Zinc is an essential trace element for the human body. It activates a wide range of biochemical reactions responsible for the processes of growth and development of the body, wound healing, synthesis of hormones, reduction of inflammatory reactions, etc.
Zinc is especially needed for men. At puberty, a teenage boy is in dire need of this trace element, since zinc is responsible for the growth and production of the male sex hormone - testosterone . If the zinc level during this period is insufficient, then the boy lags behind in the sexual development of his peers.
Zinc, as a biological component, is present in many organs, but its maximum content is found in sperm (up to 2 mg of zinc per milliliter) and the prostate gland in men. This shows the great importance of zinc for spermatogenesis and the functioning of the prostate. In fact, in official medicine, zinc preparations are used for the treatment and prevention of male infertility and prostate diseases.
Daily zinc need for men
Most of the zinc (about 90%) is excreted along with food through the intestines, a small part is excreted with urine, and only 0.5-2% is excreted along with sweat. A significant part of the loss of microelement occurs during ejaculation. A man loses up to several milligrams of zinc during ejaculation, which, with frequent sexual intercourse, may result in its deficiency. For men who are sexually active, there is an urgent need for additional replenishment of this trace element. To do this, it is necessary to include in the diet foods rich in zinc (see Fig. 1), or at least not allow excessive removal of zinc from the body. Many aphrodisiacs , known as sexual desire products, have a high zinc content.
There are data showing that people who are actively involved in sports need this trace element more than people with low physical activity. Depending on the intensity of physical exertion, athletes should increase the recommended daily dose of zinc.
Zinc deficiency threatens for men:
- violation of sexual function;
- lower sperm quality and infertility;
- a decrease in the synthesis of sex hormones (testosterone);
- deterioration of general immunity, resistance to catarrhal and infectious diseases;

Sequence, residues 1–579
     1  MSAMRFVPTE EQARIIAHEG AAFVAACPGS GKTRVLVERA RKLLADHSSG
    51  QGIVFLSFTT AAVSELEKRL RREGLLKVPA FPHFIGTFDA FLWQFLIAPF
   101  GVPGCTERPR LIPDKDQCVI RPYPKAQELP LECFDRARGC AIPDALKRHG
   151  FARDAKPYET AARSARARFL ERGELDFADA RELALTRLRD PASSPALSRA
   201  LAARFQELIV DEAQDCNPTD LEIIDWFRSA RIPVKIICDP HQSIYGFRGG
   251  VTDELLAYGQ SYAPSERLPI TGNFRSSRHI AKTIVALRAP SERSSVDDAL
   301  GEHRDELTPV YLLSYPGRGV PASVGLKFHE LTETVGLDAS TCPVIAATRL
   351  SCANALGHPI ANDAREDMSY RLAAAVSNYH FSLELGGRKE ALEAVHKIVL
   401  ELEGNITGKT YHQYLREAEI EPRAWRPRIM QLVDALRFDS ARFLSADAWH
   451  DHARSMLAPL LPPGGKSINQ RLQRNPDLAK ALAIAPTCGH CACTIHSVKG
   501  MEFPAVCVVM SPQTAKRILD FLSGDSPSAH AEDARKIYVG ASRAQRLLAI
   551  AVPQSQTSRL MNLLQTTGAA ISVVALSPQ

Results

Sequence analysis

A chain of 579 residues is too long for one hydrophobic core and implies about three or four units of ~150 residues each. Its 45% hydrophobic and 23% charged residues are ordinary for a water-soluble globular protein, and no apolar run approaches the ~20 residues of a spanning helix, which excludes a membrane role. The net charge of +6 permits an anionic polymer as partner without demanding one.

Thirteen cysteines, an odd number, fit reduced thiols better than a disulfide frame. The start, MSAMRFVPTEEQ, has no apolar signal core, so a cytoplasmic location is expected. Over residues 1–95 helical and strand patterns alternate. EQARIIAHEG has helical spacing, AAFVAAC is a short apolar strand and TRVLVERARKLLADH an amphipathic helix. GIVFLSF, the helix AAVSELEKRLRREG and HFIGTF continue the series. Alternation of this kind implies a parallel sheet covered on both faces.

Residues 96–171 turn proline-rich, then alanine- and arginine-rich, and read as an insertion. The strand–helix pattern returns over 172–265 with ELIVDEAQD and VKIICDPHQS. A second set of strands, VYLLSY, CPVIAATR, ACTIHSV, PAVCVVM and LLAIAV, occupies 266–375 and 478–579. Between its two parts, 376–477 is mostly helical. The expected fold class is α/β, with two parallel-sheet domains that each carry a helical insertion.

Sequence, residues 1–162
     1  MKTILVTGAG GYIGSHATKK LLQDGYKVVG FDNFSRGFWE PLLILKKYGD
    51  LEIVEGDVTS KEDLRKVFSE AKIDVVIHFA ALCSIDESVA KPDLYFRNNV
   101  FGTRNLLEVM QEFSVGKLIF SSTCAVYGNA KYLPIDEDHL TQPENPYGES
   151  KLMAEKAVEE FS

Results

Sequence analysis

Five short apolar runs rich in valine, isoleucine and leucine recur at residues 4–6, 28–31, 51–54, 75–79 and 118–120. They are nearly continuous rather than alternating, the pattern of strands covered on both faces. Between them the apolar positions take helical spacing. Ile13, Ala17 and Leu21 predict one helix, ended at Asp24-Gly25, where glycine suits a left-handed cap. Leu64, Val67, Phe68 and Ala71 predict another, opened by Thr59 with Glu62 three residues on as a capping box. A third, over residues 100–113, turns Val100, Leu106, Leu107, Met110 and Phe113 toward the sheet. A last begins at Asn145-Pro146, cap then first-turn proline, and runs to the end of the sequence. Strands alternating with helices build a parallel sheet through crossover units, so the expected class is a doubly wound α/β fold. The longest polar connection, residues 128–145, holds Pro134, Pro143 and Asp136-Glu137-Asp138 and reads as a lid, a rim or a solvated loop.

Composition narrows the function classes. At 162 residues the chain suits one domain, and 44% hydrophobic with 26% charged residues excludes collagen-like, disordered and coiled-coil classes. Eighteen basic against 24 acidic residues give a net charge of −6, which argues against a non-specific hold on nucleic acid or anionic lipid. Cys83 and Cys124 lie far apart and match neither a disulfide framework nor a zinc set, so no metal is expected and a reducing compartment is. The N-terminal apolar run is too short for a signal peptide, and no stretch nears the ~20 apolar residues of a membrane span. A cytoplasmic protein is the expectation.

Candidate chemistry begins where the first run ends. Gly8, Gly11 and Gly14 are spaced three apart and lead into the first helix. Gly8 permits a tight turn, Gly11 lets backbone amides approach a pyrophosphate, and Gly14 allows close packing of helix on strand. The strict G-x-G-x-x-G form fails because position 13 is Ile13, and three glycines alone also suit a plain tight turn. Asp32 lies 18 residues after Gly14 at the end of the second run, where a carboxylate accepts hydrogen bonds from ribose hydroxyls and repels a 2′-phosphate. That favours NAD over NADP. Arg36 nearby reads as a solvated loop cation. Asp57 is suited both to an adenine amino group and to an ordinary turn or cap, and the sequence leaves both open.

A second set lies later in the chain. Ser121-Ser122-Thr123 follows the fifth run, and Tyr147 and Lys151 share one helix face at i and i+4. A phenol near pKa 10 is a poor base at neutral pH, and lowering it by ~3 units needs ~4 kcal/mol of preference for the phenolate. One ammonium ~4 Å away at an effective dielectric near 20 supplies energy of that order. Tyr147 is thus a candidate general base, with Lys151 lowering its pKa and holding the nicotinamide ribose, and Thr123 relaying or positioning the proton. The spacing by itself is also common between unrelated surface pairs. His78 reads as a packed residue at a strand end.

- slow healing of wounds;
- and etc.
What causes zinc deficiency?
- Food. The only adequate source of trace elements that allows you to replenish daily reserves, is plant and animal food. The massive depletion of soil, artificial animal feed, refined products contribute to the deficit of trace elements. Aggressive culinary processing, preservation and other methods of processing products significantly reduce the content of trace elements in them. For example, data from P. Bergner’s book The Healing Power of Minerals indicates that there is 43% less zinc in canned green peas than in fresh peas.
- Zinc antagonists. The decrease in zinc content in the body may be due to excessive accumulation of functional zinc antagonists: radioactive isotopes, copper, lead, cadmium.
- Alcohol. Low zinc content in the tissues and serum of individuals suffering from chronic alcoholism was revealed. The mechanism of inhibition of zinc in alcohol use is not completely clear, but presumably this is associated with an increase in the content of elements that are zinc antagonists and a deterioration in the absorbability of the trace element in the gastrointestinal tract when alcohol is taken. The use of zinc preparations for the relief of the effects of acute and chronic alcohol intoxication, as well as, possibly, the prevention of alcoholism, is shown.
Products containing zinc
The undisputed champion in zinc content is oysters. Literally, one and two mollusks will be enough to fill the organism's daily need for zinc. However, this menu is not available to everyone. The most affordable products are pumpkin and sunflower seeds, sesame, meat, nuts, cereals.
Approximate content per 100 g of product:
Fig. 1 - Products containing zinc (source photo Edaplus.info).
Zinc and Testosterone
(excerpt from the book Testosterone Factor, Shafiq Kaadri, 2007).
Zinc is not given due attention. North American eating habits and lifestyle lead to a partial zinc deficiency.
Alcohol, physical stress and aging reduce the intake of zinc in the body. In addition, the treated packaged products do not contain any zinc.
Zinc is an important trace element like iron. It is necessary for the production of testosterone. Zinc is involved in at least 500 different biochemical reactions in the body and therefore has a wide spectrum of action.
Many zinc functions. In the fat of the abdominal cavity in men lives a chemical thief - aromatase enzyme. These molecules steal testosterone circulating in the blood and turn it into the female hormone estrogen . Zinc reduces the amount of this enzyme and the efficiency of theft, thus helping more testosterone circulate freely in the bloodstream.
Ultimately, teams to increase or decrease testosterone synthesis come from the brain in real time. It is characteristic that the main hormonal controller, the pituitary gland, is located behind the eyes. Zinc increases the effectiveness of signals from the pituitary gland to the testicles.
For the billions of testosterone molecules produced every second, it is vital that the DNA from which testosterone is copied remains clean, free from breaks and write errors. Zinc helps keep this high-performance typewriter in working condition, restoring damage to the genetic matrix.
Finally, by improving the testosterone effect and the internal state of the testicles, zinc helps increase sperm count and makes sperm cells more energetic. Doctors call this increased mobility. Mostly zinc helps turn sperm into the best long-distance swimmers.
Take 50 mg of zinc daily. Zinc is especially recommended for men who regularly consume alcohol, lead a very active life, are obese or have problems with childbirth.